PRO program at stake for PBHS

The Prevention Resource Officer’s position at Philip Barbour High School could be at risk in the upcoming school year due to a financial shortcoming.

Superintendent of Barbour County Schools Dr. Joseph Super has requested assistance from the Barbour County Commission to help fund the PRO program. The Barbour County Commission and the Board of Education both have shared the costs in the past.

No decisions were made during Monday’s county commission meeting. County Administrator Chuck Foley said that before commissioners review funds to determine if paying the remainder of the project costs is feasible, they will wait for information about how much they can obtain through a Criminal Justice Services grant.

Commissioners said that half of the funding for the position is provided at the state level, and the remainder usually is matched by the commission and the Board of Education.

Commissioner Phil Hart said that the BOE and commission usually split the remaining costs evenly. This year, however, the Board of Education has let the commission know it cannot help fund the position.

Hart said that if the commission is unable to come up with the remaining money for the program, the officer who currently occupies the position, Deputy Chad Kennedy, would return to patrol. No officers would be at risk of losing their job.

“It would put another certified officer on the road,” Hart said.

The County Commission also received a request for assistance on behalf of Animal Friends of Barbour County. Dorothy Hayhurst said that she was hoping for financial assistance from the county to help with the costs of running the shelter.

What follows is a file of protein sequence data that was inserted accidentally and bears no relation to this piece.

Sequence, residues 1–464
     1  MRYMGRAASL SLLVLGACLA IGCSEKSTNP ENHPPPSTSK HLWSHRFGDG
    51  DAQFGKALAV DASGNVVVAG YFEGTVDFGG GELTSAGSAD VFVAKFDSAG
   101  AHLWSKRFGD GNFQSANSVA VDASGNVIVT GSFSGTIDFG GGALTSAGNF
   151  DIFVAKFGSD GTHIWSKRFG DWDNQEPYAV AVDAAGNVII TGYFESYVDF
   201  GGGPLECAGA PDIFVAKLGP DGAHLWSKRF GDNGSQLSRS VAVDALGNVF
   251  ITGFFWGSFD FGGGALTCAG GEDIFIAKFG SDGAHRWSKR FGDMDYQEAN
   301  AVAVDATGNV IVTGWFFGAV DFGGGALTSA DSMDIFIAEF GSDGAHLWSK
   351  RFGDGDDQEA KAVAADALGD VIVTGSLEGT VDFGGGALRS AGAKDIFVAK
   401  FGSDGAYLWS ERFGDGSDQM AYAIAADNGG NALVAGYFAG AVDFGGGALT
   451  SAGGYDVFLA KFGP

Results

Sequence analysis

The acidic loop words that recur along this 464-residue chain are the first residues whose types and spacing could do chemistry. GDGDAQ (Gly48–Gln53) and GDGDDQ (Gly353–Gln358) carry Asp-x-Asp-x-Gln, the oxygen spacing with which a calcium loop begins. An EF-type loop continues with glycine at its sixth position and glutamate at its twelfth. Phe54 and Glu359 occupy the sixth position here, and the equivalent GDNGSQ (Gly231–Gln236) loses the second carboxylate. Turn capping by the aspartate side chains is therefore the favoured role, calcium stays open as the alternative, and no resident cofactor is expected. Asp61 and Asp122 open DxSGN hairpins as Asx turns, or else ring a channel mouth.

The shelter is operated entirely by volunteers and often relies on donations and adoption fees to pay for supplies.

Hayhurst said the facility is always in need of volunteer help. Prosecuting Attorney Leckta Poling said she would talk to Barbour County Community Corrections director Matt Bennett about getting some assistance from those who are part of the Community Corrections program.

Hayhurst said the facility is sheltering more than 200 cats. She said that in the past year, Animal Friends has received 63 dogs from the county animal shelter, has had 68 dogs surrendered to the facility, taken in 49 stray dogs, had six dogs die and had four dogs reclaimed by their owners. Animal Friends has found homes for 68 dogs. She said the shelter has rescued 31 dogs from hoarding situations in Junior and 10 in Audra. One rescued dog had 12 puppies.

Hayhurst also requested commissioners consider an ordinance to control stray dogs. She said she would write one and submit it if the commission would consider adopting it.

Also during the meeting, commissioners mentioned a recently completed two-year audit, which returned findings against the commission. The commissioners briefly discussed the audit report, but did not detail any specific information about the findings.

Foley said that he received the findings and will send them to Charleston for a response. He said the audit report will become a public record after it is received by officials in Charleston. Copies of the report may then be obtained through the Chief Inspector’s division.

“We would rather let them (Chief Inspector’s office) look at it and review it, then respond to it,” Foley said when asked about the audit.